Satellite operators are taking precautions. Many of the satellites will be moved or turned to reduce the exposed area and protect delicate instruments. The only people in space will be the crew of the Russian Mir space station. The cosmonauts will stay in the Soyuz reentry vehicle during the storm, so that if necessary, they can safely return to Earth.

Hand Transplant

Doctors in France have transplanted the hand and forearm from a dead donor to a man who lost his hand in an accident in 1984. They attached "all the arteries, veins, nerves, tendons, muscles and skin after setting the two bones of the forearm." A similar transplant was tried in 1964. It failed when the transplanted hand was rejected after two weeks. Doctors believe that improvements in surgery methods and anti-rejection drugs have increased the chances for success this time. So far, the man appears to be doing well, although it will be many months before doctors know whether the hand will work.

Rejection is a serious problem for all transplant patients. The human immune system fights bacteria, viruses, and other foreign materials that enter the body. Transplant recipients must take strong drugs for the rest of their lives to suppress this normal response. Otherwise, the immune system would attack the transplant, causing rejection. Unfortunately, the anti-rejection drugs can have serious side-effects, and make the recipient less able to fight off infection and disease.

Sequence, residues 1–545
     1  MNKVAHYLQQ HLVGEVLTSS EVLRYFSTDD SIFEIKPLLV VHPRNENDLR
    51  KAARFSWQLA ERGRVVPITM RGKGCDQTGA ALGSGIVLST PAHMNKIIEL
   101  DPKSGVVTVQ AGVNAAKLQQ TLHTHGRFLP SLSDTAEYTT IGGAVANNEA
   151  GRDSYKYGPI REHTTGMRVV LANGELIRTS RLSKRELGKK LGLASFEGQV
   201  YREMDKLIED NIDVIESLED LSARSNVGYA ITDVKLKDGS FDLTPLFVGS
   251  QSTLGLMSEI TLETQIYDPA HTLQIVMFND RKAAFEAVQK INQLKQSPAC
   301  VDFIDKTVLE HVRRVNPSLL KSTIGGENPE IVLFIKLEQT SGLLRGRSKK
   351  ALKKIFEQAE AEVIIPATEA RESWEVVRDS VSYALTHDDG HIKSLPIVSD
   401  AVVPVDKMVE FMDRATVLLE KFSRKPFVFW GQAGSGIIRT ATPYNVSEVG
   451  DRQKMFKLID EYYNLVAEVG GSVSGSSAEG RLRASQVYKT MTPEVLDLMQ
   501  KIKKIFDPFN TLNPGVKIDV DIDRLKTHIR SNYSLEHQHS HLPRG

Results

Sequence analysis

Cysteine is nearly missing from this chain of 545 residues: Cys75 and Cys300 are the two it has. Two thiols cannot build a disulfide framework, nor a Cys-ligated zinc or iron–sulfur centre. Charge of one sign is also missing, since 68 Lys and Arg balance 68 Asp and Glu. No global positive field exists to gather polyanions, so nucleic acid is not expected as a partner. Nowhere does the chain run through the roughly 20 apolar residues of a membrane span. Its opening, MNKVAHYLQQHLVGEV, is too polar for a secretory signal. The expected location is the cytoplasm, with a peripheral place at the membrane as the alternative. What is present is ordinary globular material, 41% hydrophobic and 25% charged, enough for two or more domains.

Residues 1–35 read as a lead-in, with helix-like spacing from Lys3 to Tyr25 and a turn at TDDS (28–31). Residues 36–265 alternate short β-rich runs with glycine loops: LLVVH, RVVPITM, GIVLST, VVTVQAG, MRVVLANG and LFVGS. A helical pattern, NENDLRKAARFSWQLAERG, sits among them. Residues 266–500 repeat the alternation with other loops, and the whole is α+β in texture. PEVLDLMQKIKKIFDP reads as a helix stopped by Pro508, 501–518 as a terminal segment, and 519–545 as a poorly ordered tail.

Soon after the transplant operation, this story took a strange twist. Originally, the patient, Clint Hallam, was identified as an Australian businessman who lost his hand in a logging accident. Actually, Mr. Hallam lost his hand in an accident while in prison. The hand was reattached, but amputated 5 years later because it did not work. It turns out that the only man with two different sets of fingerprints has a long criminal record, and is currently facing additional trouble with the law.

SEPTEMBER, 1998

Jupiter's Rings

The planet Saturn has bright, wide rings. You can easily see them with a good backyard telescope. It was not until 1979 that faint, thin rings were discovered around Jupiter. Later, rings were also found around Uranus and Neptune.